Subjective assessment of motion reduction

The duration of registration was relatively constant, and the median time required was 11 min and 15.3 s (IQR 25.0 s). Before registration, the median NRS was 3 with an IQR of 3. After registration, the median NRS decreased to 1 with an IQR of 1 (p < 0.001). The extent of motion reduction on the NRS depended on preregistration NRS values, which is visualized in Fig. 2. There were 17 patients (11.0%) in motion category 0, 70 patients (45.5%) in motion category 1, 61 patients (39.6%) in motion category 2, and six patients (3.9%) in motion category 3. Examples illustrating the four motion categories are shown in Fig. 3. In MRIs of patients initially categorized as none or limited motion (motion categories 0 and 1), registration resulted in a combined median change of 0 (IQR 3), i.e., no visual change was observed. However, in the subgroup combining patient cases of motion categories 2 and 3, showing moderate or severe motion artifacts, a significant median decrease in 3 (IQR 1, p < 0.001) on the NRS was found after registration. Sixty-six of the 67 cases in the latter subgroup were assigned to categories 0 and 1 after registration, and the median motion category decreased from 2 (IQR 0) to 1 (IQR 0). The impact of the motion category assigned prior to registration on the result of registration was significant (Spearman’s rho 0.83, p < 0.001), as displayed in Fig. 4.

Fig. 2
figure 2

Subjective assessment of impact of registration. Observers assessed motion using a numerical ranking scale, classifying images according to their extent of motion before and after registration. The attained impact on the NRS by registration is shown in correlation to the initially rated extent of motion. NRS Numerical ranking scale

Fig. 3
figure 3

Illustration of motion categories. Readers subjectively assigned images to one of four motion categories based on visual assessment. Each motion category is illustrated by an example shown at the fifth time point after contrast agent injection. The higher the initial motion category, the greater was the visually perceived impact of motion on image quality and hence, potential diagnostic limitation. The unenhanced image was subtracted from the enhanced images. Lesions are indicated by an arrow in the second column (full-size images after registration). The respective areas were enlarged and are shown in columns three and four, before and after registration, respectively

Fig. 4
figure 4

Impact on registration by motion category. Cases are grouped by motion category before registration. Dotted bars represent median motion on the NRS before registration. Blank bars indicate median change in motion after registration. A 95% confidence level is indicated. Registration resulted in a nonsignificant NRS change for cases initially assigned to categories 0 and 1 (p = 0.65). In DCE-MRI datasets of patients with initially impaired diagnostic quality due to motion (categories 2 and 3), a significant decrease in the NRS was demonstrated for each category after registration (median NRS change for motion category 2: − 3, IQR 1, p < 0.001; median NRS change for motion category 3: − 7, IQR 2, p < 0.001)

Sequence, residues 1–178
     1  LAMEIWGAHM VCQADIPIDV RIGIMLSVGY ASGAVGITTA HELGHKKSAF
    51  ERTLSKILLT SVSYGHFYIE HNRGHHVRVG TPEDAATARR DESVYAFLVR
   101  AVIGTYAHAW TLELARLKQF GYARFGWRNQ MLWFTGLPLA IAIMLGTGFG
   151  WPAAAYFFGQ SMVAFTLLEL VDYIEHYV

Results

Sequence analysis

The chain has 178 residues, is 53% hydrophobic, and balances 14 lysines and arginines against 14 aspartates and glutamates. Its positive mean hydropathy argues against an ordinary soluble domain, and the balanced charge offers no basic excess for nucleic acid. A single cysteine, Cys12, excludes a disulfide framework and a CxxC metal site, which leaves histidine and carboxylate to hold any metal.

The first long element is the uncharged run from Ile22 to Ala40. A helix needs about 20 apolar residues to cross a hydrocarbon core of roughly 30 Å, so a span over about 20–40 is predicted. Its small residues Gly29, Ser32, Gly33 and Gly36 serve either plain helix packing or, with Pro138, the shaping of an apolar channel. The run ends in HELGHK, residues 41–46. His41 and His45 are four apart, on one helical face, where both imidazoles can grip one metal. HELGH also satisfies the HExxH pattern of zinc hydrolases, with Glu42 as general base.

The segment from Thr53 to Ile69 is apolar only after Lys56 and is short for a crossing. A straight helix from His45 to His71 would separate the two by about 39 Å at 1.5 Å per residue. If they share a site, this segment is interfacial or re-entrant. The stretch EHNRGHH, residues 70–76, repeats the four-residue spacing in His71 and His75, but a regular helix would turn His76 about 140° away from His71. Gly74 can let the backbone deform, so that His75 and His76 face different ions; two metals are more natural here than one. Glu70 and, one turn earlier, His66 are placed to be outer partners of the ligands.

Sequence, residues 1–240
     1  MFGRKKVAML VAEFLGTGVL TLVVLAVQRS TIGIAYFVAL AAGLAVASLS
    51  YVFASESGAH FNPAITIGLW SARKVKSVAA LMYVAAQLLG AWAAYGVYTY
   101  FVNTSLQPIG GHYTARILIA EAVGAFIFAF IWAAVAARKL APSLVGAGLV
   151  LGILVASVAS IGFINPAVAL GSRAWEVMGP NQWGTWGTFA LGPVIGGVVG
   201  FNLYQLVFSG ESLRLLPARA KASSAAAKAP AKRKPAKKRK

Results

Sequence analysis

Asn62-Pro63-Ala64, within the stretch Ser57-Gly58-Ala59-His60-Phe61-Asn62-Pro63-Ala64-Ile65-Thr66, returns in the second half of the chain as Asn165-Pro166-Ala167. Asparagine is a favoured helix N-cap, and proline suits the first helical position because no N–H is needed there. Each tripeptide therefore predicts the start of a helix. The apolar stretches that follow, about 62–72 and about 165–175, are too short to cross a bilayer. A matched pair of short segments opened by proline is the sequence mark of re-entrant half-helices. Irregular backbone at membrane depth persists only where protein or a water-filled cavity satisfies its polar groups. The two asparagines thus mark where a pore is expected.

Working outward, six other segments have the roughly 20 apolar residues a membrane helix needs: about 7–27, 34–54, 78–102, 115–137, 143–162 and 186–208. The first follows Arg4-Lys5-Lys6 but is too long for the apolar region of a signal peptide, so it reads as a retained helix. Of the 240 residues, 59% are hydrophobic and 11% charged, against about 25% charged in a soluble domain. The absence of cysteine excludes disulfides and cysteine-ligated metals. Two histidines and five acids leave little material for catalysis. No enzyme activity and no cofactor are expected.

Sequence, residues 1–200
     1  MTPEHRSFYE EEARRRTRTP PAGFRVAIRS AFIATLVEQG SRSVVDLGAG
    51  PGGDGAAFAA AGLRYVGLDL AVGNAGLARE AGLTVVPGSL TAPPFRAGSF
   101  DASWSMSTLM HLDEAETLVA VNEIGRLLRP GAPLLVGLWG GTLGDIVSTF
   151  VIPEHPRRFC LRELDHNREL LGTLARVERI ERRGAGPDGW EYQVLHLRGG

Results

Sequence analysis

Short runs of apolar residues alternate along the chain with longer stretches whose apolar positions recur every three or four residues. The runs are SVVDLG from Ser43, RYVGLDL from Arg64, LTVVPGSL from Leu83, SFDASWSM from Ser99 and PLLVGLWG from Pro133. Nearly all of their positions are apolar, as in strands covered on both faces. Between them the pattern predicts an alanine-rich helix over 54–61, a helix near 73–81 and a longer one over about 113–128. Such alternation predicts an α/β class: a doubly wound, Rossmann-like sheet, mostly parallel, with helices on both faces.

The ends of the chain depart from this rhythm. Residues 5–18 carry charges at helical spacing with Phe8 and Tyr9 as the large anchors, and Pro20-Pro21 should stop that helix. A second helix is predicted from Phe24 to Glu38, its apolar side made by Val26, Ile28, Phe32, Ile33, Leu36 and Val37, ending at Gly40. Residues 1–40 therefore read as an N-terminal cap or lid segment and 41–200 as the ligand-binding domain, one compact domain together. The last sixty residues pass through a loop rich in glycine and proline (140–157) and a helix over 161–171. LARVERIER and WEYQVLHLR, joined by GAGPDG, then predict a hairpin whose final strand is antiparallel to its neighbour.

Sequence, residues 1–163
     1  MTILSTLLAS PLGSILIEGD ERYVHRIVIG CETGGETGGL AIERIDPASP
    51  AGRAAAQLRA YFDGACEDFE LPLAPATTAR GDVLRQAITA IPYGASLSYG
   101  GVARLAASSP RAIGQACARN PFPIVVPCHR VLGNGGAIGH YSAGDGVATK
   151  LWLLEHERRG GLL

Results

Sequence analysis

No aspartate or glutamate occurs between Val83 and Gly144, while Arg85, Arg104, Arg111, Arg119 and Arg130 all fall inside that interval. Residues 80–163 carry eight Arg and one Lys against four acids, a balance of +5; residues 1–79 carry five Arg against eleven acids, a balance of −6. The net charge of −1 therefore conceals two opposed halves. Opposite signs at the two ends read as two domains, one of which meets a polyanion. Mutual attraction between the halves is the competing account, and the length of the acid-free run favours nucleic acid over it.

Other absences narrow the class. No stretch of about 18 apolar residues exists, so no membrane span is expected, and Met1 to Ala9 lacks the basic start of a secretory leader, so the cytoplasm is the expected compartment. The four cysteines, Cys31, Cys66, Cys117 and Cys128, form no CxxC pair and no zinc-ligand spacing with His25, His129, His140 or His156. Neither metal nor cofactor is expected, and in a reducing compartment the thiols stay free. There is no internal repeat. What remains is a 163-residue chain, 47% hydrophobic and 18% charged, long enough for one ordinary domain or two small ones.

Objective assessment of motion reduction

Registration resulted in a significant reduction in the mean volume transfer coefficient Ktrans from 0.103 (SD 0.077) before registration to 0.097 (SD 0.070) after registration (p < 0.001). Standard deviation of Ktrans decreased by 7.4% (SD 15.500, p < 0.001) from 0.096 (SD 0.064) before to 0.087 (SD 0.057) after registration. Analysis of residual errors revealed a moderate, but significant reduction of the 50th percentile of residuals (mean 0.0034, SD 0.0075), visualized in Fig. 5. For higher percentiles, which represent areas with high perfusion modeling uncertainties, a marked reduction in residuals was demonstrated, e.g., the 90th percentile of residual errors showed a mean reduction of 0.0273 (SD 0.1157). Before registration, residual errors of the 90th percentile ranged from 0.032 to 1.801 with a mean of 0.2398 (SD 0.2307), whereas after registration, the range was reduced to 0.027 and 1.226, respectively (mean 0.2125, SD 0.1745). Moreover, we found that on average, tumors with higher residual errors consistently showed higher levels of Ktrans for all percentiles (Spearman’s ρ = 1.00, p < 0.001). For example, in locations with average residual errors (exemplarily represented by the 50th percentile of intralesion residuals), Ktrans showed a moderate correlation with the extent of residual errors (Spearman’s ρ = 0.596, p < 0.001). A representative case is shown in Fig. 6.